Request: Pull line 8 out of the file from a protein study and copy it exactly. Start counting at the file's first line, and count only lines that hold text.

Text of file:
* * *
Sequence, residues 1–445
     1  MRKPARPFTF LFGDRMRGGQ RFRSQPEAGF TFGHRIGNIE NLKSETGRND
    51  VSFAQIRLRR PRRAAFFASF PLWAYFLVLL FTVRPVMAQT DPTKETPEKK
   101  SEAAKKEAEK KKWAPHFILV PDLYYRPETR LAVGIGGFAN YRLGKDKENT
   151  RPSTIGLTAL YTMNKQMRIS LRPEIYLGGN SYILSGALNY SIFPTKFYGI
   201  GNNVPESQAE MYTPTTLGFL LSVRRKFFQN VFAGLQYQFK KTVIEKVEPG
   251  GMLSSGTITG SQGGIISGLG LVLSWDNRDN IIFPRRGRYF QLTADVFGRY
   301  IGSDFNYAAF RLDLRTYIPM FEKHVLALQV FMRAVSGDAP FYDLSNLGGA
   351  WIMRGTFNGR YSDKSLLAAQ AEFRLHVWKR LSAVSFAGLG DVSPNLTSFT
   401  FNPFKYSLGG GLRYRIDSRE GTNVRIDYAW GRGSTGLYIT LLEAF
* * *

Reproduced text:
   301  IGSDFNYAAF RLDLRTYIPM FEKHVLALQV FMRAVSGDAP FYDLSNLGGA